|Paper title||Phasing out long term industrial groundwater pumping in Delft, Netherlands|
|Form of presentation||Poster|
Groundwater has been extracted in the municipality of Delft since 1916. The extraction used to be owned by a privately owned yeast factory, but when the company recently seized production, the extraction was transferred to the municipality of Delft. Though the extraction has no functional use at this time, the city of Delft is worried that due to the size of the extraction, which is currently 1200 m3 (about an olympic swimming pool) per hour, stopping the extraction will have a big effect on the buildings in the historic 16th century city centre. The current annual costs of water disposal for the municipality are €2.5 million.
Since 2017 the municipality is slowly phasing out the extraction. The reduction in groundwater extraction must be carefully controlled to avoid an abrupt rise of the surface level due to swelling of the ground and consequent damage to infrastructure. To monitor the effects of the reduction, extensive measurements like groundwater levels have been collected since 2010.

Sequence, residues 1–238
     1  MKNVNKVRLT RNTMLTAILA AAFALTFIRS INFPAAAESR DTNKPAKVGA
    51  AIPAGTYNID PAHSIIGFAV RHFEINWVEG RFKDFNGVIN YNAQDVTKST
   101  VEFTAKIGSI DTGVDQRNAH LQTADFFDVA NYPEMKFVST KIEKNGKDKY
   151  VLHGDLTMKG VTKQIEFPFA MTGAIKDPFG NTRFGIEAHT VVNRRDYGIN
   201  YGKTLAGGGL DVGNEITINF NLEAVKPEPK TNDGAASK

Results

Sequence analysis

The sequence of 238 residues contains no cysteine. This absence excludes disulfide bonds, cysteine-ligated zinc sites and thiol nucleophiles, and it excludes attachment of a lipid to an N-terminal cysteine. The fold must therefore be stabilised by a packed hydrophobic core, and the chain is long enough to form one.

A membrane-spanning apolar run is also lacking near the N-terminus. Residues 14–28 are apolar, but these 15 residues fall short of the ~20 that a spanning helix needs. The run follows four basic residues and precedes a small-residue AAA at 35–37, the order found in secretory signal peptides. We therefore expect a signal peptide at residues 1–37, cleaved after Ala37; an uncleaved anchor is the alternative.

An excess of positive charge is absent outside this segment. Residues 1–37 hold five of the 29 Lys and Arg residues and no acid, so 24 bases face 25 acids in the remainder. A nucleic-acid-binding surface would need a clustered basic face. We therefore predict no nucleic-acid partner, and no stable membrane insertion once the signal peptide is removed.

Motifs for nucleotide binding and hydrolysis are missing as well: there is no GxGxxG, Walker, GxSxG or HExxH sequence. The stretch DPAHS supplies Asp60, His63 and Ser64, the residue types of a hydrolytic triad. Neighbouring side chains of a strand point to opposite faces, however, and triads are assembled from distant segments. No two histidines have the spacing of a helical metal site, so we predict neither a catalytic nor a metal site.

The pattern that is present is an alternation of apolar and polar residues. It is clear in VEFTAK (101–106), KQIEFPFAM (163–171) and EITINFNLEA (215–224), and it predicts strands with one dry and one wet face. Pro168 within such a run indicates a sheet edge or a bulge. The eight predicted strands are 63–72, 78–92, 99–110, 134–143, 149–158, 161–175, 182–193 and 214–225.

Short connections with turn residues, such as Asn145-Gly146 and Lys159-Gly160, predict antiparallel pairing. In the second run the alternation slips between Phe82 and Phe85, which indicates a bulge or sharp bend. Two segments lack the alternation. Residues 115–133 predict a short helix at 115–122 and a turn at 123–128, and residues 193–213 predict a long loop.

It is estimated that the shutdown of these wells over a 30 year period could lead to ground swelling of more than 10 cm near the extraction wells. Abrupt and uneven swelling can cause damage to buildings, and infrastructure like tunnels, parking garages etc. There are 70,000 buildings in the 5 km surrounding the extraction site, including a range of irreplaceable historic buildings.
To supplement the groundwater level measurements, InSAR is used to monitor the changes in the uplift of the soil (since 2014) and guide the speed with which the groundwater extraction is reduced. Due to the wide extent of the impacted area, local levelling campaigns did not cover the full extent of the impacted area. Prior to the reduction in groundwater abstraction, the area was subsiding -1 to -2 mm/yr. Between 2016 to 2019 displacement rates remained fairly stable, with a gradual reduction in subsidence rates from -1 to -2 mm/yr to to 0.0 mm/yr.
However, from June 2019, the ground started to swell locally at +1 mm/yr. Using these swelling observations with InSAR, it was decided to pause the phase out during 2021, prolonging the significant costs of extracting water by another year. At the moment the area is being continuously monitored with InSAR measurements every 11 days, and early 2022 it will be assessed whether the phase out can be continued in 2022.